IPI Welcomes Proposal for an EU Global Online Freedom Act
Text of press release by International Press Institute on 9 September
The International Press Institute (IPI), the global network of editors, media executives and leading journalists in over 120 countries, urges the European Commission to give due consideration to the draft EU Global Online Freedom Act (EU GOFA), recently introduced by a cross-party coalition of Members of the European Parliament (MEPs), including Dutch MEP Jules Maaten. The EU GOFA would, if it were to become European Union law, help to promote the free flow of online information worldwide, and prevent European companies from assisting repressive governments to limit their citizens’ access to the Internet.
“IPI broadly welcomes the efforts of Mr. Maaten and other MEPs to address the issue of unjust Internet censorship, and I hope they will result in Commission initiatives for ensuring that authoritarian regimes do not censor freedom of expression,” said David Dadge, IPI Director.
According to information before IPI, the EU GOFA, a text modelled on the US Global Online Freedom Act and sponsored by eight MEPs representing the four largest political groups of the European Parliament, was presented by Mr. Maaten on 17 July 2008. The text is seen as a response to the political censorship enforced by authoritarian regimes in countries such as China, Belarus and Ethiopia, and lays down guidelines to prevent European technology companies from becoming complicit in online censorship abroad, or from assisting authoritarian regimes to identify cyber dissidents, as was allegedly the case with the US firm Yahoo!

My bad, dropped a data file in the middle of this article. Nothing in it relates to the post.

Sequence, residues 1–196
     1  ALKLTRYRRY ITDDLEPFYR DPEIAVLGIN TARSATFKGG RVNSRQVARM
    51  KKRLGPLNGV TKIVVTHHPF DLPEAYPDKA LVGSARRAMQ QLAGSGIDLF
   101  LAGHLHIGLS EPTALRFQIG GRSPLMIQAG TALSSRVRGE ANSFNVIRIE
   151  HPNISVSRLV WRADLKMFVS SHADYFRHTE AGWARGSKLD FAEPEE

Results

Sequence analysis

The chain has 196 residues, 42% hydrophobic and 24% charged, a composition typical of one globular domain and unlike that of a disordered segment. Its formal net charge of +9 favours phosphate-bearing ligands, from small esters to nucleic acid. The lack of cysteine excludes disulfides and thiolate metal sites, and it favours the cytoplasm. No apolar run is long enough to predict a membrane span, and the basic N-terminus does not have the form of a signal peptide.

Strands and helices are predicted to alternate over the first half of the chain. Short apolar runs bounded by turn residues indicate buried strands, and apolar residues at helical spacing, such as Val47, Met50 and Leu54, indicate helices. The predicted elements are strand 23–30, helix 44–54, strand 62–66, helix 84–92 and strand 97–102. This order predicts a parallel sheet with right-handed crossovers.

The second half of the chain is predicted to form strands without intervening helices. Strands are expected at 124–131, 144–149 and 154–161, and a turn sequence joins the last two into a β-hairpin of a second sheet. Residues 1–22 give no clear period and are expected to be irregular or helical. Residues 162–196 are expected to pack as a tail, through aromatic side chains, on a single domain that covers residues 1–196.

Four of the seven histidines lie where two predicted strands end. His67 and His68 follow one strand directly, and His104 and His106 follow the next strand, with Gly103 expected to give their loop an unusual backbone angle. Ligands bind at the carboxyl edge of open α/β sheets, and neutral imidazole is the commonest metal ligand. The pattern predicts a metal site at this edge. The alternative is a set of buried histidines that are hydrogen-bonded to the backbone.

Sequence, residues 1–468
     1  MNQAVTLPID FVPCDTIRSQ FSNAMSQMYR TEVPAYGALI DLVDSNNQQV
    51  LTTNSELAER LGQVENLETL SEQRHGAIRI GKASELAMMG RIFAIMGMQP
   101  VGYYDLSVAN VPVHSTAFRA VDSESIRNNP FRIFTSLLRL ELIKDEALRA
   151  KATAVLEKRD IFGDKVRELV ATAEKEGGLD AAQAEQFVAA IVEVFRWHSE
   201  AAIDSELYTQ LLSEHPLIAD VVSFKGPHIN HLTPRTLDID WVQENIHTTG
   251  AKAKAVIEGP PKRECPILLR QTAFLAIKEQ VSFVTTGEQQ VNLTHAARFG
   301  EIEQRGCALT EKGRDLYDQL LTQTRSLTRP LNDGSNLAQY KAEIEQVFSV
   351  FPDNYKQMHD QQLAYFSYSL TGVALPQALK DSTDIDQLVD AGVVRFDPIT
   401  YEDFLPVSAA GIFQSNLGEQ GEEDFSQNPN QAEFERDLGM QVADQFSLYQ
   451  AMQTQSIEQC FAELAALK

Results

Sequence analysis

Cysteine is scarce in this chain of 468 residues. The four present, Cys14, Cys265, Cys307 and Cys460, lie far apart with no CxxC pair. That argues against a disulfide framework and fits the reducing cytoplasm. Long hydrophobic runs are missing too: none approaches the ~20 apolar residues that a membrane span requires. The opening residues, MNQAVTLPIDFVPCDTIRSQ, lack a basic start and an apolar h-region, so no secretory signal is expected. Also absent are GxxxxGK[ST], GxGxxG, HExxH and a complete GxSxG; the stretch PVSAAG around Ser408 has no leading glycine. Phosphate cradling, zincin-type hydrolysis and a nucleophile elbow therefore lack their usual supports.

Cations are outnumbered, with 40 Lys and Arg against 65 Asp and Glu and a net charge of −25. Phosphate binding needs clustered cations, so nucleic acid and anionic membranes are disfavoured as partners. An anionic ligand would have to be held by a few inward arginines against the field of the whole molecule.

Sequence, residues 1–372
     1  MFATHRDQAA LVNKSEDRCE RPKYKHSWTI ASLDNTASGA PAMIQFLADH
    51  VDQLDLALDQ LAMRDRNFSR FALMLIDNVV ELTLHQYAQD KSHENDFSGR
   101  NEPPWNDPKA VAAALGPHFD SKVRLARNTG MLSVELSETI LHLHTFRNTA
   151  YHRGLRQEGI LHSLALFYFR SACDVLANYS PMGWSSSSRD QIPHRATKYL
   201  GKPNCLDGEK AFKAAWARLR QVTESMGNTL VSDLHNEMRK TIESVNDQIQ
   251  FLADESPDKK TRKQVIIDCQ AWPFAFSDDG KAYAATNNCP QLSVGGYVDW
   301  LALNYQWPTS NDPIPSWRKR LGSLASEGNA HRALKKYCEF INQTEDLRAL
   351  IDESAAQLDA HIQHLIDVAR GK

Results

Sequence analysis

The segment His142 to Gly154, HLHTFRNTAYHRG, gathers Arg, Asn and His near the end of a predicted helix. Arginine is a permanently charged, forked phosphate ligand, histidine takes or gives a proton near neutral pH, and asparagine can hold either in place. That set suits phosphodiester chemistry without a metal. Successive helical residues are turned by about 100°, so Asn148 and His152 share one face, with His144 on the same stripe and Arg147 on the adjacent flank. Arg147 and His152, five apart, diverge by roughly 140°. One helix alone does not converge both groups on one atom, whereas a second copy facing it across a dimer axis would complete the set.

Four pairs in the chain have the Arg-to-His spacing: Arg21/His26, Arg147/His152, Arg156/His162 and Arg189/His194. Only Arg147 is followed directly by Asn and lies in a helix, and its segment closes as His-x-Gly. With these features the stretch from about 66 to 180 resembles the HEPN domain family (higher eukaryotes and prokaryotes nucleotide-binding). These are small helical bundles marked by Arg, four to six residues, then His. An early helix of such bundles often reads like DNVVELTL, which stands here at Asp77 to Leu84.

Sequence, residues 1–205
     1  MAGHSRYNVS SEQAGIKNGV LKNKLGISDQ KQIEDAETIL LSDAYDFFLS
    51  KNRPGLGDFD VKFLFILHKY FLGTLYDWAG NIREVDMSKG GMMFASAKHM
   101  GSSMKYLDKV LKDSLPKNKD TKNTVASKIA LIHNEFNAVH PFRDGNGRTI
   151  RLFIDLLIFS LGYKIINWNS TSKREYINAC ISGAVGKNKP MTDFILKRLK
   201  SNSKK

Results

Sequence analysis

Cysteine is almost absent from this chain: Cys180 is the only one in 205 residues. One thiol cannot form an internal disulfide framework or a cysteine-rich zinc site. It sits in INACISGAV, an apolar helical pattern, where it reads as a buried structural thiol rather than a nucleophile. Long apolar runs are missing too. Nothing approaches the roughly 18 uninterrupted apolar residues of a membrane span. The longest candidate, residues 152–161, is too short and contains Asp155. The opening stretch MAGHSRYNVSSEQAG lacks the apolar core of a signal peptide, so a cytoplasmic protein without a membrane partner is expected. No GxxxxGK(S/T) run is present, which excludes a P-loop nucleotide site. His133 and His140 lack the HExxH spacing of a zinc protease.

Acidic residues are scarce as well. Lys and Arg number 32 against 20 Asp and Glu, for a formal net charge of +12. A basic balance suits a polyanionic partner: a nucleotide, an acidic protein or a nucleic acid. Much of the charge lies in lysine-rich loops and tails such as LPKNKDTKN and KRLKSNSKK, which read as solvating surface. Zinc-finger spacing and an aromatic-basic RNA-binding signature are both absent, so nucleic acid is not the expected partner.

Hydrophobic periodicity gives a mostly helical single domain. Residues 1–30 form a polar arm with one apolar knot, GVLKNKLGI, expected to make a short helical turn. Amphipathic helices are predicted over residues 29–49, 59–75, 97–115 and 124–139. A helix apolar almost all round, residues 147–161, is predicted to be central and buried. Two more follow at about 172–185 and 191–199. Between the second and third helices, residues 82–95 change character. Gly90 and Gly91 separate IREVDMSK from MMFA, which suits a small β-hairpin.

Among other things, the EU GOFA calls for the establishment of an “Office of Global Internet Freedom” to protect and promote freedom of information abroad, for the compilation of an annual report designating those regimes that are the worst offenders in terms of restricting their citizens’ access to the Internet, and for the allocation of 20 million euros each year to the development and distribution of technologies aimed at helping Internet users in afflicted countries to circumvent censorship.
Currently, the EU GOFA has no legal status, as legislative proposals can only be introduced by the European Commission. As yet, the Commission has not indicated its willingness to introduce a legislative proposal based on the text drafted by the group of MEPs led by Mr. Maaten.
Originally published by International Press Institute press release, Vienna in English 9 Sep 08.
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